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A Roof over our Heads

"Trampled Grass" is coming soon.  This Snippet e-book will share stories of how God is working in Uganda and South Sudan. All proceeds will benefit the Lottie Moon Offering.
“Trampled Grass” is coming soon. This Snippet e-book will share stories of how God is working in Uganda and South Sudan. All proceeds will benefit the Lottie Moon Offering.

We’ve got a roof over our heads.

And the kids are all fed.

And the woman I love most of all

Lies close beside me in our bed.

Lord, give me the eyes to see

Exactly what’s it’s worth

And I will be the richest man on earth.”

-Paul Overstreet “Richest Man on Earth”

Mzee in his shelter.  Nyumazi Camp, Uganda
Mzee in his shelter. Nyumazi Camp, Uganda

I’ve never really understood that term until recently:

A roof over our heads.

Not everyone has that in Africa.

Especially refugees.

Poppa Mzee had a roof. But that was about it.


We met him at Nyumazi 1 Camp. He lay on folded cardboard. Bareground beneath him. A small bag of possessions served as his pillow.

His shelter was open-sided.

A white UN tarp, which served as his roof, flapped in the breeze. He was alone.

I wondered about his story.

How did he get here?

Why was he so alone among 19,000 people?

One must be extremely careful giving away things in the Camps. You can easily cause a mob scene.

People can get hurt. So we discourage giving anything to a select few.

My sister Colleen once caused a riot in a Liberian orphanage by giving candy to the children.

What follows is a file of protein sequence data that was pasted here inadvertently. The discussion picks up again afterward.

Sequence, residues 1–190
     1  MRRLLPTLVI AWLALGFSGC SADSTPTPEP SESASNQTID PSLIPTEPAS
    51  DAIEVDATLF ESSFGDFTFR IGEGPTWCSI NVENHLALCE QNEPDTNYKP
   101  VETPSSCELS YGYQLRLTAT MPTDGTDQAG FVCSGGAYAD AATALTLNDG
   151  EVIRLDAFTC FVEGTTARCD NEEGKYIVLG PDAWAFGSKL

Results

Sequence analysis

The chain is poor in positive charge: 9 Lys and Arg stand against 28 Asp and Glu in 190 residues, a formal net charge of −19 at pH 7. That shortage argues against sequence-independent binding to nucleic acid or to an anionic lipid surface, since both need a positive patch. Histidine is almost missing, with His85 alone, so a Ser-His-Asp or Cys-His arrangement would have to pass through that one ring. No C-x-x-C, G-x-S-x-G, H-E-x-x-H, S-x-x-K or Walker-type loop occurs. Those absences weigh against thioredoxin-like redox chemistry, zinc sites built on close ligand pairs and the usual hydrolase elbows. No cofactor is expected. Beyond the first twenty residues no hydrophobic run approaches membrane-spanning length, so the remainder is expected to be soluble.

Projects and items must be carefully planned.

I couldn’t get Poppa Mzee off my mind as our group walked to a new water well.

We were met by the Camp Chairman, Wilson. He was a tall Dinka man in his forties. This position is filled by a vote of the refugees in the camp. It’s a big position. A tough position.

Kind of like Moses in the wilderness. Listening to folks and their problems day after day.

Chairman Wilson walked with us back toward our vehicle. We passed Poppa Mzee, and I asked the Chairman, “We have two sleeping mats tied on our roof. May I give one to this man?”

“Sure.”

He thought a moment. “Do you have two?”

“Straight from Ten Mile, Louisiana.”

That went over his head but he lowered his voice, “I brought my old daddy with me from South Sudan. He’d love one.”

“We’ll give one mat to Mzee here and you can take the other to your father.”

I won’t describe how Poppa Mzee received his mat. You can see it in the photos. It was a highlight of the day.

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I thought of Cooter, Dorothy, and all of the women who’d knitted these mats. I’ve been told it takes 700 WalMart bags to make one mat. I wonder how long one mat takes.

I just know it made a difference in Poppa Mzee Poppa’s life. He said thank you in Dinka.

Ladies, I’m just passing it on.

Warning: Please do not send mats over. It is much simpler and economical to buy mats here or better yet supply the materials for folks to make their own from local materials.

 

FREEDOM_MAT_CAMP_MAR14_1024

 

 

“We can do no great things but we can do small things with great love.” -Mother Teresa

I wonder if Cooter Willis has her passport.

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About Curt Iles

I write to have influence and impact through well-told stories of my Louisiana and African sojourn.

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